Levi said...

A.J. Illinois, when something like this happens to someone you know, or went to school with, it instills a fear in you and an outrage. You mentioned Gov. Ryan, he is currently serving time after being convicted in 2006 in a corruption trial. It's called KARMA.

Levi said...

Susan, you should write a True Crime book about this from the perspective as the detectives daughter who worked on the case. Great post!

I feel so sorry for the woman who survived. I wonder how she is holding up today? Even after all these years it has to haunt her, after having an encounter with these sub-human, filthy, pigs who enjoyed being evil, and enjoyed destroying human life.

Anonymous said...

I would like to know how Mr. Gecht could have such a chapel on his home without his wife knowing. Also, why won't the state allow Gecht to have the DNA testing done.

Susan Murphy Milano's Journal said...

A public blog is not always the best place for questions and answers. Please email me privately
at mattersofsafety@aol.com.

I look foward to hearing from you.

Angel4her said...

I just read your story and want to say thank you! My aunt Lorraine Borowski "Lorry Ann" as my family called her was murdered by those sick men as you know, it is hard for my family to discuss the fact of loosing their daughter/sister/aunt as it would be for anyone! I have come across many articles and stories that are so cruel sounding and " disgusting" websites that are set in a tone to some how honor these men for what they have done! your article was heart felt thank you,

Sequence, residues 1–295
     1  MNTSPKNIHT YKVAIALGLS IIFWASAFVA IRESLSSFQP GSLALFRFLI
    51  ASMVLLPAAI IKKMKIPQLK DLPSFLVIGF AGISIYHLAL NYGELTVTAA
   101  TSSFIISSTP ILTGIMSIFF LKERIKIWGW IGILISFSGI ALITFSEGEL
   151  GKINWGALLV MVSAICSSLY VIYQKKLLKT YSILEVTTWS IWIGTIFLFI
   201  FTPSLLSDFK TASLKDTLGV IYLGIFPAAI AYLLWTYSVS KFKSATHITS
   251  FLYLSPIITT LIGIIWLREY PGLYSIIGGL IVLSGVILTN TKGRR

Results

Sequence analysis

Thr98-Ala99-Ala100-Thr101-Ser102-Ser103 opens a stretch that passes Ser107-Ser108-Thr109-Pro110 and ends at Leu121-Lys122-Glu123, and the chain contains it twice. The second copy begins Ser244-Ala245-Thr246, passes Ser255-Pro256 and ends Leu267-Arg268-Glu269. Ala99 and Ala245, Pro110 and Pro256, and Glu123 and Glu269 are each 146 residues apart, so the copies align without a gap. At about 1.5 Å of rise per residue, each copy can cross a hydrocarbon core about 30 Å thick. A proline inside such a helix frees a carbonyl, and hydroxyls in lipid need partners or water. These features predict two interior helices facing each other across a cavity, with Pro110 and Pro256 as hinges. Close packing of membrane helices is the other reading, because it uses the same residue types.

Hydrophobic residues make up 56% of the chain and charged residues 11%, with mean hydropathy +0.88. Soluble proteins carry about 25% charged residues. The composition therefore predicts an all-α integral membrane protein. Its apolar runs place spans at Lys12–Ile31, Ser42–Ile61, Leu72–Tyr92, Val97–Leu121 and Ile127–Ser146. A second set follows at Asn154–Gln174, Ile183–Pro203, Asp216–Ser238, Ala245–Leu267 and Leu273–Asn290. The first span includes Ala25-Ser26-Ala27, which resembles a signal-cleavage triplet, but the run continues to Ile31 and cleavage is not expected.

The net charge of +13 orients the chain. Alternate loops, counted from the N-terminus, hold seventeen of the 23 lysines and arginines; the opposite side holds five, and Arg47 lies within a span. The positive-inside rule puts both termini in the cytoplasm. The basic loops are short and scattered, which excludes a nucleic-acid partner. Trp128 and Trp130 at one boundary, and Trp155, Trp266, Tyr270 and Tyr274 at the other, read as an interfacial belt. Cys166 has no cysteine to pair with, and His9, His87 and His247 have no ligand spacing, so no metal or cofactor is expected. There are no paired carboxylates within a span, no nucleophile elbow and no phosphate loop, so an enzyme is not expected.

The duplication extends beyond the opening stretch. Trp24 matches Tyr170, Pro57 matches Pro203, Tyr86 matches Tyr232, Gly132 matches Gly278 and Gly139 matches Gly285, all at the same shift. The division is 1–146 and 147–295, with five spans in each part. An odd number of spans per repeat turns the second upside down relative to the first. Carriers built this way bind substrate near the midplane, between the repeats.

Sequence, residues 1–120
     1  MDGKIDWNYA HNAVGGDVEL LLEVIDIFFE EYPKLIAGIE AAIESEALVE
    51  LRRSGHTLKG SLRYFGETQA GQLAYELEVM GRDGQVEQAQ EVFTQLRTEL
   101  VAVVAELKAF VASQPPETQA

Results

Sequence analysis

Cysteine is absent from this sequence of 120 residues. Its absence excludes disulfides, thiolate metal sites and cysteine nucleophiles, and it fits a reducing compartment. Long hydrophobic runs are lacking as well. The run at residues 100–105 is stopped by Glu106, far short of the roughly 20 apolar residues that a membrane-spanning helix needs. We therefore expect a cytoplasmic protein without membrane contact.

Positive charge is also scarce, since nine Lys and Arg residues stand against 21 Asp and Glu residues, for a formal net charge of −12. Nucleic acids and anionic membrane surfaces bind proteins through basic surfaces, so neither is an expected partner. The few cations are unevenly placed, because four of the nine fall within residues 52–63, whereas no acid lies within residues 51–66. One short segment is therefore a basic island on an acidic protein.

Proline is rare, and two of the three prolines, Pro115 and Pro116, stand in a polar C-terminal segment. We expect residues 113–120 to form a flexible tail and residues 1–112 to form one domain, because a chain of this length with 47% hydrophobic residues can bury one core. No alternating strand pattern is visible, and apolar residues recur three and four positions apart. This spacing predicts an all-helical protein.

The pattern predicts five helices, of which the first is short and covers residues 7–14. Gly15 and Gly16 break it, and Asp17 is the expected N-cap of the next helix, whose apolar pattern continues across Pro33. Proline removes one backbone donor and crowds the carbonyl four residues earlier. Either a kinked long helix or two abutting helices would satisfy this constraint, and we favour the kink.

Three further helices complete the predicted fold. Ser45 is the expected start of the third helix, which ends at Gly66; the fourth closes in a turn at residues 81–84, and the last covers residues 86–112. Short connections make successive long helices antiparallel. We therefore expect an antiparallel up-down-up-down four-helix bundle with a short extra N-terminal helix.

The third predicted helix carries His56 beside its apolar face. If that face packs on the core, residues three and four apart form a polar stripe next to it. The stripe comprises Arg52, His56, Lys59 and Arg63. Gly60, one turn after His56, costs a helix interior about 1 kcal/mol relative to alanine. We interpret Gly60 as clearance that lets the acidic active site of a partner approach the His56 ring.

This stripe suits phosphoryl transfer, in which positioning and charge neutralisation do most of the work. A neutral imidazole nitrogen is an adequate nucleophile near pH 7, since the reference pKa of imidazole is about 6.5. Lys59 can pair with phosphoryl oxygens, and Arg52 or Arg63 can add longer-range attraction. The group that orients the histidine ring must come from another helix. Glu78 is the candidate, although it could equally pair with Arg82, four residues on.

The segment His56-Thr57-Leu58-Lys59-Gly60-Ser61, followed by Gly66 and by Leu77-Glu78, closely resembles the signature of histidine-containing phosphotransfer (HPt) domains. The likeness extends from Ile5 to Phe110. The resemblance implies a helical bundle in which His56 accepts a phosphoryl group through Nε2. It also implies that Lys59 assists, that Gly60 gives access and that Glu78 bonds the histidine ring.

Anonymous said...

When I was 16 I worked at a KFC on the corner of Austin and Gunnison, Tommy K worked there with me and Eddy would come by in his van to pick Tommy up. I remember hanging out with them after KFC closed in the parking lot. I thank God every day that I never got into that van or went any where with them. They always freaked me out they were scary back then too.

Anonymous said...

none of you know half of what the kokoraleis family was about, andrew and tommy abused and sexually assulted their younger brother nick, their own father molested and got his own daughter christina pregnant twice. that whole family was really strange and creepy I went to school with nick and christina...

Anonymous said...

I went to York High School and also worked with Lorry Borowski at a restaurant in Elmhurst. She was beautiful and had a smile that would light up the room. My boyfriend and I would sometimes drive her home from work after closing. I remember we would sit in the vehicle and watch her get safely in her house. What haunts me is the fact that she was abducted and then murdered when all she was doing was walking to her secretarial job in broad daylight. Her life was moving forward. I still find it hard to believe, and it still brings me great sadness. I will never forget my friend Lorraine's shining presence, and her sweetness. She forever impacted my life, as well as many other people's.

Anonymous said...


I assume the restaurant you are talking about was "The Ground Round"
I worked there when Lorry did and also went to York. I remember that smile too...

Anonymous said...

I lived in the Adirondacks for about ten yrs. And I heard an eerily similar story that has the same tones as this case except it also included rape and the same kind of mutilation described in this story and I can't recall anymore than that so you can reach me @ johanseneric7197@gmail.com